A bunker less golf course by design: 1.2

Bunkers are an essential part of the game of golf. They give the architect an opportunity to create strategic and visual interest -at the same time. Many of our modern golf courses and some of our old would hardly be the visual and strategic treat they are today without sand. If you want to improve the visual aspect of your golf course, then start with bunkers at least until you get a grip of the cost of building and then maintaining them.

A bunker less golf course by design: 1.2

For most of us it would be hard to imagine a golf course without sand given how frequent this feature is used in modern design today. Admittedly bunker less golf courses are a rarity but there is one such golf course and personal favorite of mine that highlights how golf can be good/ even great without so much asas and depression.

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Royal Ashdown Forest, situated in the southern English county of East Sussex and within an hour’s drive of the London metropolis – is the setting for the “Winnie the Pooh” stories but also home to one of the most quaint and unique golf courses in the land. The Old Course at Royal Ashdown Forest Golf Club,
which writer A C M Croome said, “Must rank in character with St Andrews, Prestwick and Westward Ho!”, has not one sandy hollow throughout, yet remains riveting from start to finish. It is indeed a treat and this is further substantiated by the illustrious golf scribe Bernard Darwin, who wrote of the course: “It is only at the end of the round do we realise with a pleasurable shock that there is not a hideous rampant on the course, or so much as a pot bunker.”

A bunker less golf course by design: 1.2

Royal Ashdown Forest is protected by Acts of Parliament restricting any alterations to the land without approval from conservators. With that in mind the golf course was made to sit on the property with little disturbance and this in itself gives it appeal.

Instead of mining bunkers for strategic and visual interest, other features that exist on the property are used to great effect to create the drama and determine the play. For instance, waves of heather and native vegetation eat into the play corridors at strategic moments. Interesting humps and bumps and general contours bound many of the green complexes. Out standing trees frame the majority of holes and are very pleasing on theeye. There are pleasant stream systems that meander in and out of the course at opportune moments and add to the danger. Also, the topography severe at times gives the course added variety and, on many occasions, allows the golfer to survey the splendid surrounds.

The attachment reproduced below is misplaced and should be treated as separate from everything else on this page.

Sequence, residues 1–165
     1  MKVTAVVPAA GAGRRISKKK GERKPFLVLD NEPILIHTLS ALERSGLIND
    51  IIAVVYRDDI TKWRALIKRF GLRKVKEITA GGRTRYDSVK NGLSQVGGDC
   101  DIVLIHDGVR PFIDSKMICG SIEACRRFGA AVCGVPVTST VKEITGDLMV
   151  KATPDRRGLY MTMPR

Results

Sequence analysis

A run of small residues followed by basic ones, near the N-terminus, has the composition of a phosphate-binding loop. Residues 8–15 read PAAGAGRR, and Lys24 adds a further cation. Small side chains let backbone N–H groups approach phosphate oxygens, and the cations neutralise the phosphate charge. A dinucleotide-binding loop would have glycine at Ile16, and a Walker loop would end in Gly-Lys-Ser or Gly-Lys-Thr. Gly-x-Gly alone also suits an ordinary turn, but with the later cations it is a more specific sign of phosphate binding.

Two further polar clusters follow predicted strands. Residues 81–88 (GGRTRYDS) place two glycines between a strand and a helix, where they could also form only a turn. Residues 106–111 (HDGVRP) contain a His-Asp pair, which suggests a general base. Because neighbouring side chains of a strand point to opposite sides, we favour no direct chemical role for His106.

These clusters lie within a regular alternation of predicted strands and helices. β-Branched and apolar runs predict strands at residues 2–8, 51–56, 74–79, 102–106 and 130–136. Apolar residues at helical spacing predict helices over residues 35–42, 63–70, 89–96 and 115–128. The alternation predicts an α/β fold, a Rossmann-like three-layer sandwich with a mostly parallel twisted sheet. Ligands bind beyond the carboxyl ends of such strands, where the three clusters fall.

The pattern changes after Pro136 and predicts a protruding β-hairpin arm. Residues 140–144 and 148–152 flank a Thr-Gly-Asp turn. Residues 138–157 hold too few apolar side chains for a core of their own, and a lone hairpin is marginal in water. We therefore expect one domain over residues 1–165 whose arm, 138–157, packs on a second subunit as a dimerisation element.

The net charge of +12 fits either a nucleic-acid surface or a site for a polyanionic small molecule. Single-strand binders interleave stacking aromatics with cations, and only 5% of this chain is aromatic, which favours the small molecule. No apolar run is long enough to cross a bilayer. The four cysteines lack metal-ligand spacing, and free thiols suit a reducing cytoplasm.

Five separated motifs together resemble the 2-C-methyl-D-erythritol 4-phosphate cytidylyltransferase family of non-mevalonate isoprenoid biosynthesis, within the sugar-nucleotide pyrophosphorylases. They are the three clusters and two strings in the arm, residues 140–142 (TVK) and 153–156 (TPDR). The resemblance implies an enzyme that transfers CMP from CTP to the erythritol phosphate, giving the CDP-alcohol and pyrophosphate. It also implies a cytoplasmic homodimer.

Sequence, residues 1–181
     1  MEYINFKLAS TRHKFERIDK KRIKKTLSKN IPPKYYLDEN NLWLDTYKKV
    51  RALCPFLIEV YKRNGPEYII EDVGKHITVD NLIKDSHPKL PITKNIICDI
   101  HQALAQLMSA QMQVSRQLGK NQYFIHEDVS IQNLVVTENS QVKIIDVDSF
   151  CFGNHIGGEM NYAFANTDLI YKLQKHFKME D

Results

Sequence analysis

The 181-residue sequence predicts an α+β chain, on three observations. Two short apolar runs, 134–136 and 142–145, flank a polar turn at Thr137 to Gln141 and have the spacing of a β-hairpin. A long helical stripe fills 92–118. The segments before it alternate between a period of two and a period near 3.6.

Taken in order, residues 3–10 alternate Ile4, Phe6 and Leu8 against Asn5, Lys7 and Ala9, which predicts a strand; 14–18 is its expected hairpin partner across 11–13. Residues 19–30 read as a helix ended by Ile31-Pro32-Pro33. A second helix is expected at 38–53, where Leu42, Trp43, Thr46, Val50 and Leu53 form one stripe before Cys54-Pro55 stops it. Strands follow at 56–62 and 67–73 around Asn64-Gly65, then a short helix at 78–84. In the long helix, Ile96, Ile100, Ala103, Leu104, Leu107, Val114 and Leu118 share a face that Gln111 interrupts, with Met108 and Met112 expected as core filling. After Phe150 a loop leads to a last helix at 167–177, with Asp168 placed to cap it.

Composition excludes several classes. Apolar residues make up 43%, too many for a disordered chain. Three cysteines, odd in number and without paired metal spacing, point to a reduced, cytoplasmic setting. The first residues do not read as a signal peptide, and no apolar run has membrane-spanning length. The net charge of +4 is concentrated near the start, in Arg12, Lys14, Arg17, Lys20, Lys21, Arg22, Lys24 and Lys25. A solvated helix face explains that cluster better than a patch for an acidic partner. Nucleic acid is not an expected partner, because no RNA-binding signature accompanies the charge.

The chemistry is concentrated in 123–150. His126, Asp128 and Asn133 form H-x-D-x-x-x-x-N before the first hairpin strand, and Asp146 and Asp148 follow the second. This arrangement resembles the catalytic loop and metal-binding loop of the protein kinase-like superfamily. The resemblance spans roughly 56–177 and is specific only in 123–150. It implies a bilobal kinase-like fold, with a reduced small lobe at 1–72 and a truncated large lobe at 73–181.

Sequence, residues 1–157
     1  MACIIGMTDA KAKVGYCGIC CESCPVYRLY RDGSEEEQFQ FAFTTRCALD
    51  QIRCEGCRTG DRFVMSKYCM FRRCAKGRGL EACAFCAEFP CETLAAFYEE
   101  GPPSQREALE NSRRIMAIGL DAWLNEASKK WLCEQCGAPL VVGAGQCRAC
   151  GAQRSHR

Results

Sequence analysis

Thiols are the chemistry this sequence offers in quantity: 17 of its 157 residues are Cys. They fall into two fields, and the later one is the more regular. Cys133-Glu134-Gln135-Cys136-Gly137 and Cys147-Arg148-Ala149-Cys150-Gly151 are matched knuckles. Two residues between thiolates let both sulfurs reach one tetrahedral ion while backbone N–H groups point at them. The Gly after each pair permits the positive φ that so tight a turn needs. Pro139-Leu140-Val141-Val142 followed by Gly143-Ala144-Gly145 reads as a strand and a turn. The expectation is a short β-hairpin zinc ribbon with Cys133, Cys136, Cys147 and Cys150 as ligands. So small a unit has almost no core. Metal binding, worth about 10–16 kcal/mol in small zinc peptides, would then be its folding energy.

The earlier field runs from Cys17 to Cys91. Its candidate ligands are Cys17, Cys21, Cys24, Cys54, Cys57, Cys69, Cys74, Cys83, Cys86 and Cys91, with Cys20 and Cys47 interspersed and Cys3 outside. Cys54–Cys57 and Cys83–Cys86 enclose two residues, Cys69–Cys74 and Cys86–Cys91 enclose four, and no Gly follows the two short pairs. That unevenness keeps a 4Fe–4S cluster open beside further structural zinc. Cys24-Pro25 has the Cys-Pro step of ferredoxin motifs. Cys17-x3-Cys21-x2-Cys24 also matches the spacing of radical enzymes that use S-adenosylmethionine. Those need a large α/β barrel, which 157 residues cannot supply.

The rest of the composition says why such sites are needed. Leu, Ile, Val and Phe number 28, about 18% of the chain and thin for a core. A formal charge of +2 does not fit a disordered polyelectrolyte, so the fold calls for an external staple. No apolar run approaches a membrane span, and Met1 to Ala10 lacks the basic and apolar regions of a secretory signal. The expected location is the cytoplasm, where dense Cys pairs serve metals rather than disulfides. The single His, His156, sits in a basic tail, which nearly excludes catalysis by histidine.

The golf course is somewhat unconventional in that there is the odd blind shot to go with crossing holes at the start and finish. This is all infused with some fascinating green complexes and a wonderful routing that makes great use of the land.

What’s interesting is that without any bunkers the golf course seems even more entwined with its surrounds almost at one with nature. It fact little about the golf course seems contrived, artificial or forced. It melds naturally into its environment and because of this has a real sense of place and a character all it sown. It is a delight to play forgiving at times, fun, interestingand strategic as well. Not over maintained or wanting to beany thing more than it is.

I suspect when most golfers finish a round at Royal A shdown there is no longing for sand. Come to think of it sand would have hardly made the test any better, but it would certainly have made it much worse.

Some other notable golf courses with no bunkers:

Kington GC, Minchinhampton(Old), PainswickGC, Berkhampstead GC, Piltdown GC and Wimbledon Common GC(All United Kingdom) Arrow town GC- New Zealand

A bunker less golf course by design: 1.2

About the Author
Paul Jansen is an award-winning Golf Course Architect and advocate for a more sustainable approach to designing, building and maintaining golf courses.
Having grown up in Southern Africa, Paul began his career in the USA with Ault, Clark and Associates before relocating to Europe where he worked as a lead architect for Faldo Design – the design arm of golfer Sir Nick Faldo.
In 2011 Paul established his own company Jansen Golf Design & Construction with a base in Toronto, Canada. For more information visit:


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